Disposable coffee cups are ubiquitous in Seattle. Seattleites may have the reputation of being tree-hugging, granola eating, sock with sandal types, but the reality is that reusable coffee cups are not the norm.
Last fall after using hundreds of cups, thousands of cups, millions and billions and trillions of cups, I finally decided to stop using disposable coffee cups. I plunked down $18 for a reusable commuter style cup, but I have a few regrets…
- My cup includes branding that I’m not crazy about
- It can’t go in the dishwasher
- The inside never looks clean because of an incident with orange tea; the citric acid mucked up the finish.
- It cost me $18
My metal commuter coffee cup isn’t perfect, but I found something that is.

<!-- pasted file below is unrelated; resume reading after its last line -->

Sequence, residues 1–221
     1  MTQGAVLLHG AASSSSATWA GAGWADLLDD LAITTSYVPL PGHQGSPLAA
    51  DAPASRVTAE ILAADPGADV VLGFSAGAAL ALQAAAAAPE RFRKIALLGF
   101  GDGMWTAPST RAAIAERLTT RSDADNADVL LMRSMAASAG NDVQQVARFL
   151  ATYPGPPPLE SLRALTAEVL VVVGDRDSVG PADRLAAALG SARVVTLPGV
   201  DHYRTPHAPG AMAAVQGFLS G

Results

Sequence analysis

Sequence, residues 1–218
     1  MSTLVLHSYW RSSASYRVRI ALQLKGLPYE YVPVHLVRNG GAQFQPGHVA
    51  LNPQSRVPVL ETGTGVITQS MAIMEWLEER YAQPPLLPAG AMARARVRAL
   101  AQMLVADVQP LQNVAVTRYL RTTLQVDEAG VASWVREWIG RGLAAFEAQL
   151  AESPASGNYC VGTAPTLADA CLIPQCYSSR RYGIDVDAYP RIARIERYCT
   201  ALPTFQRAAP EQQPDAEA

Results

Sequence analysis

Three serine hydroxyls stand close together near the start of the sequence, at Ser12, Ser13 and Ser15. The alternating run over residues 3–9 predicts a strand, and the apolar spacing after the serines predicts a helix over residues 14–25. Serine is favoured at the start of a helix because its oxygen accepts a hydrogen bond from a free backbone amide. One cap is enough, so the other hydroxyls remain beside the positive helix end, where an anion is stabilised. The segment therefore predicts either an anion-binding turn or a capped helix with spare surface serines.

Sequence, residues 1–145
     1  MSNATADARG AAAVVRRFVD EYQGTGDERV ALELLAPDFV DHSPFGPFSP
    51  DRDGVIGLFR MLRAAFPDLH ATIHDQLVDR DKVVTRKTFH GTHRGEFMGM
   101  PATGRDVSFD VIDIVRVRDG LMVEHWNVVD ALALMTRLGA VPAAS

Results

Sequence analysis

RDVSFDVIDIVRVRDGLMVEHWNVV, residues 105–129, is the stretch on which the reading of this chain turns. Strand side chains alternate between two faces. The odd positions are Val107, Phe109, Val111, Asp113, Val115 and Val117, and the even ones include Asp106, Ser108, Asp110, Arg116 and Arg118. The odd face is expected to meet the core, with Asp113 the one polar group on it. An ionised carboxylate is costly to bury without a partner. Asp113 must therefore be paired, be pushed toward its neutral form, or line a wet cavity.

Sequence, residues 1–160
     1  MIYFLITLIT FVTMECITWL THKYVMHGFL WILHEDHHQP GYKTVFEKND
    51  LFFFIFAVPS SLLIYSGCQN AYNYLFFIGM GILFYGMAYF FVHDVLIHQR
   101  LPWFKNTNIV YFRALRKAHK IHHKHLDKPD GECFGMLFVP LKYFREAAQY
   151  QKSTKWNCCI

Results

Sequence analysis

A glass jar.
I found a jar in my cupboard, so this coffee cup was of no cost to me. I can wash this cup in my dishwasher and put anything in it without worry. Branding? Ah yes, there is the Kerr branding, but I have my eye out for a plain narrow jar.
I didn’t dream up this idea, but was inspired by Colin Beavan of No Impact Man fame. Colin’s glass jar coffee cup turns heads in NYC. After dolling out numerous disposable cups each day, baristas often reward Colin’s ingenuity by giving him a free cup of coffee.
While I may not receive free coffee with my glass jar, my choice may inspire someone else to use a reusable cup. We can choose to use reusable cups, instead of adding 20 billion disposable coffee cups to our landfills each year. Individual choices do make a difference and our actions and inactions influence others.
Find a reusable coffee cup or buy one, and keep it in your car; ready for your next coffee shop visit.
Drink responsibly. Bring a coffee cup.